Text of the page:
It’s been twenty years, yo.
Aunties An-Mei, Lindo, Ying Ying and Suyuan have got to surrender the torch one of these days, right?
I absolutely adored Joy Luck Club (book and movie) as a wee pup long ago, when both first came out. But both have been subjected to their fair share of critique, particularly vis-a-vis representations of the Asian-American experience, in the twenty years since Amy Tan‘s book was published.Â While I kinda doubt I could ever shake the sentimental hold that the J.L.C. has on me, I definitely wonder how I might respond more critically to it now, in a re-read. (Is it possible to be sentimental and critical simultaneously, I wonder?)
Therefore, thisÂ J.L.C.-inspired “Blog Carnival” project by writer Claire Light couldn’t be better timed:
From Claire, via Hyphen:
Help us honor and argue with The Joy Luck Club on the 20th Anniversary of its publication AND celebrate API Heritage Month in May! Send us your immigrant story in 300 words or less!
This year is the 20th Anniversary of the publication of The Joy Luck Club, the book that, for better or for worse, defined Asian America to a generation of readers, and opened up mainstream American fiction to Asian immigrant stories. (I celebrated its 15th in an essay in Issue 4.) I say “for better or for worse” because, although it was wonderful for people of my generation — who were reaching adulthood just as Joy Luck was hitting the bookstores — to finally see Asian immigrant families in fiction, the book also limited a generation of writers to a particular narrative.
We don’t all suffer an immigrant generation gap with our parents; many of us are 1.5s, and many of us are 3rd generation or deeper; many of our parents are culturally competent in the US; most of us didn’t grow up in Chinatowns. Half of us aren’t women; we aren’t all Chinese … or Japanese, or Korean; our cultures of origin don’t always center around cooking rice, or mahjong games in the kitchen, or the insulting mistakes our white boyfriends make at the dinner table; the racism we experience isn’t always the blatant kind.
So, for a book that didn’t intend to cause all the controversy or inspire all the ambivalence it has, I can’t think of a better way to honor its birthday than to talk back. For May, Asian and Pacific Islander Heritage Month, let’s tell more stories … stories that aren’t like The Joy Luck Club at all.
I’m declaring a blog carnival of short, personal Asian American immigrant narratives.
These will be YOUR families’ immigration stories in 300 words or less.
Very short, so don’t try to tell the whole thing.
Pick out one important anecdote or detail that you think is unusual.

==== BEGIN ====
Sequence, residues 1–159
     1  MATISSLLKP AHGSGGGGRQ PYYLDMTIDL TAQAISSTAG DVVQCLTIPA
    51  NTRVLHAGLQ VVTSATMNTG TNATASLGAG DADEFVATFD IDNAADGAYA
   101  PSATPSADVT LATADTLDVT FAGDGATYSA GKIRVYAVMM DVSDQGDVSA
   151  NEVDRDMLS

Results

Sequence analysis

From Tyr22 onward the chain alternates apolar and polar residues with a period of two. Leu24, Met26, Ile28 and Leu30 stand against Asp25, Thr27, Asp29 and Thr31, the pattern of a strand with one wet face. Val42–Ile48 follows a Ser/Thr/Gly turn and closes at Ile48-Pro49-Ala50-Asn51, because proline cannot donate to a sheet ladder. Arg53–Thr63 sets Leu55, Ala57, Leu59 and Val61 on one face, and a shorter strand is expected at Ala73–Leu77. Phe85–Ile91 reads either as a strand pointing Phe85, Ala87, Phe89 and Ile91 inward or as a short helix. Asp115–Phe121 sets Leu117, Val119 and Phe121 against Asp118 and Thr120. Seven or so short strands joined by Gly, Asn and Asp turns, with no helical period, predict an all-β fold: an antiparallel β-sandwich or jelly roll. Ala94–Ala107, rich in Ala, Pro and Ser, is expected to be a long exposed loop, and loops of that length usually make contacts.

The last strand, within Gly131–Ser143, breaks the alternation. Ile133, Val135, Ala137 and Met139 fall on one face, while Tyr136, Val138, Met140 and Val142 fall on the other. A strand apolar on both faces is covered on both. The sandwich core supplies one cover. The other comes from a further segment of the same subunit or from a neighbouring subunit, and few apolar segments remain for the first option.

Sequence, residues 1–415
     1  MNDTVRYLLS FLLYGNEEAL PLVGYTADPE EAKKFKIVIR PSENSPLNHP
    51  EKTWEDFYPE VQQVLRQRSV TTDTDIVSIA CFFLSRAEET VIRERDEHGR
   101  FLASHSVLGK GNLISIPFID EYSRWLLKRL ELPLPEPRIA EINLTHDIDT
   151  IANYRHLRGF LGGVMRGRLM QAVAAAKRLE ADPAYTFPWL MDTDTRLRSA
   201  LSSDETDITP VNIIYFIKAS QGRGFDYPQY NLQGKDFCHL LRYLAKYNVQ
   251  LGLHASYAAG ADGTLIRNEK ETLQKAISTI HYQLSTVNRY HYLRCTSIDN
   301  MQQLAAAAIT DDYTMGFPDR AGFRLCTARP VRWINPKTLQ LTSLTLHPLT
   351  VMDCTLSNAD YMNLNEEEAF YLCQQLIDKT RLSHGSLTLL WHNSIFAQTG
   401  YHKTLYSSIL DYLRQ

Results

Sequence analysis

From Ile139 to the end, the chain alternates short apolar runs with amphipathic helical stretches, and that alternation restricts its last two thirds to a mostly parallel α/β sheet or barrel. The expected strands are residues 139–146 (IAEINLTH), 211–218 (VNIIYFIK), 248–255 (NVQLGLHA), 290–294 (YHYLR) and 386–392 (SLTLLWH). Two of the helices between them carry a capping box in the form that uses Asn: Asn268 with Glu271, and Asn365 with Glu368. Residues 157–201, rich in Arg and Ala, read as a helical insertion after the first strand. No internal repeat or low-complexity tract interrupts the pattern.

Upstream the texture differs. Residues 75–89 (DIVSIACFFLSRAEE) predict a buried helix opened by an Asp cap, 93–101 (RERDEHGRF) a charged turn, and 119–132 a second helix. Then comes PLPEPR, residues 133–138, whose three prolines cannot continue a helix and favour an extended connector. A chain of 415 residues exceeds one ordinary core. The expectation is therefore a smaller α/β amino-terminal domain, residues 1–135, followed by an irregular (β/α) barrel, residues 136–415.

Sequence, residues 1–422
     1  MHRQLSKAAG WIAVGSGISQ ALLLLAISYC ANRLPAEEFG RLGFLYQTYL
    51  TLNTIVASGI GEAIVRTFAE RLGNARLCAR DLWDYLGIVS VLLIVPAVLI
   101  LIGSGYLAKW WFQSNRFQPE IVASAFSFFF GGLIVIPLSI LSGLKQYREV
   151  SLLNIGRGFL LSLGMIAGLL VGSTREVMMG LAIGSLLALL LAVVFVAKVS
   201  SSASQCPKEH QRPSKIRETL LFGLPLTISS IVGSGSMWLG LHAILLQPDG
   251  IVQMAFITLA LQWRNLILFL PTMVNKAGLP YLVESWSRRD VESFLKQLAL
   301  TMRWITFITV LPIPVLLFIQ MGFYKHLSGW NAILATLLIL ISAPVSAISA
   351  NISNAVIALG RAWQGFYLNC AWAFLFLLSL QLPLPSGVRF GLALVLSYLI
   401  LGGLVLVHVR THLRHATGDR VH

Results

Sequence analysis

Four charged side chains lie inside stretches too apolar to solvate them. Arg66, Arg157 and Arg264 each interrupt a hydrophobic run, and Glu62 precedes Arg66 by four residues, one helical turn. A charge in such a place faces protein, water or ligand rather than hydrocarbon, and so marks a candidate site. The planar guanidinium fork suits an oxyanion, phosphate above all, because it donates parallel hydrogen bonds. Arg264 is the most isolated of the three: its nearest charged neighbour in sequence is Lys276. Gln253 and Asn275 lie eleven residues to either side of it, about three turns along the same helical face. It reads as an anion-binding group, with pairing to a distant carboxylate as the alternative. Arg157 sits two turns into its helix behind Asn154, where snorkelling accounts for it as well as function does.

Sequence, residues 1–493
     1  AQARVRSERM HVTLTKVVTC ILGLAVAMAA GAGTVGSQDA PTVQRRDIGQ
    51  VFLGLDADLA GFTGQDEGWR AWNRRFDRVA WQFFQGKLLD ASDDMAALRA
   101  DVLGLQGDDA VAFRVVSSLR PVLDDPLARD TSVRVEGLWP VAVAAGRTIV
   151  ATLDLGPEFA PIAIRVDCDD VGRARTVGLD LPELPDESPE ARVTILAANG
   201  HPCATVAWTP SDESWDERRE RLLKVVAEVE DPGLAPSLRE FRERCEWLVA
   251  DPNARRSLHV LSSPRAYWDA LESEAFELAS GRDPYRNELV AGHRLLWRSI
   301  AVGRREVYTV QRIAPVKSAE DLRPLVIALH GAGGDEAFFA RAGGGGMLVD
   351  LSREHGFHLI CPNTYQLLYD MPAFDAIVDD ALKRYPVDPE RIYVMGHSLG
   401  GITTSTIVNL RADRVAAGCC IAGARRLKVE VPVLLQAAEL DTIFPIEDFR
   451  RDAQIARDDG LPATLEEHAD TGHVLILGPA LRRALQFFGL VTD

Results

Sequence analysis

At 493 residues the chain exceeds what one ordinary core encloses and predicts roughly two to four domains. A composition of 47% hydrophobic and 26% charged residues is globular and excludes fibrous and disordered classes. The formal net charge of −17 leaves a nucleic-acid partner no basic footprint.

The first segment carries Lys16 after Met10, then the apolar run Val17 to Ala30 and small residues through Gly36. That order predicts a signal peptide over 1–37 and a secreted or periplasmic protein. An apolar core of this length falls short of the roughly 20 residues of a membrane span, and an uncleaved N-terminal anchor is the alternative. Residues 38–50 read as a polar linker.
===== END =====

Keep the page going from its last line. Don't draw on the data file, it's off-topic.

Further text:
Some questions to get you started:
- What about your family’s immigration experience is unusual, not like the stereotypes?
- Did your family immigrate all at once, or over several generations, and just to the US, or elsewhere? Did anyone go back?
- Did your forebear/s have a goal in immigrating? Do you think this was their only purpose?
- Did something funny or strange or sad happen when they got here?
- Has your family been here so long you’ve forgotten the immigrant experience? Tell us another story, then!
We’re looking for a diversity of stories: East Asian, Southeast Asian, South Asian, Central Asian, North Asian, women, men, transgendered people, all ages and generations, all regions of the States (and we’ll fudge “American” if you’re not from the States or even from North America), all kinds of stories, all ways of telling them.
Here’s the process:
- Write your immigrant story of 300 words or less.
- Post it to your blog or somebody’s blog.
- Post the URL in comments below, or send me the URL at claire (at the domain) hyphenmagazine (with a dot) com. Please put “Joy Luck Hub submission” in the subject line.
- Deadline is May 1.
- Depending on a number of factors, we might reprint a few here on Hyphen Blog (with permission). Or we might not.
Please post questions, comments and suggestions below in comments …
and PLEASE FORWARD THIS CALL for submissions to your Asian American friends!
Folks, start your engines.
(A direct, easier to cut-n-paste link to this same post on the Hyphen Magazine blog is here):
(woff confession: I went on Youtube loooking for The JLC clips right after prepping this post, and got ALL kinds of choked up watching it! OY. I’m still a sucker for it…)
I’ll post my family’s (well, my Mom’s side, anyway) story on my blog shortly, too.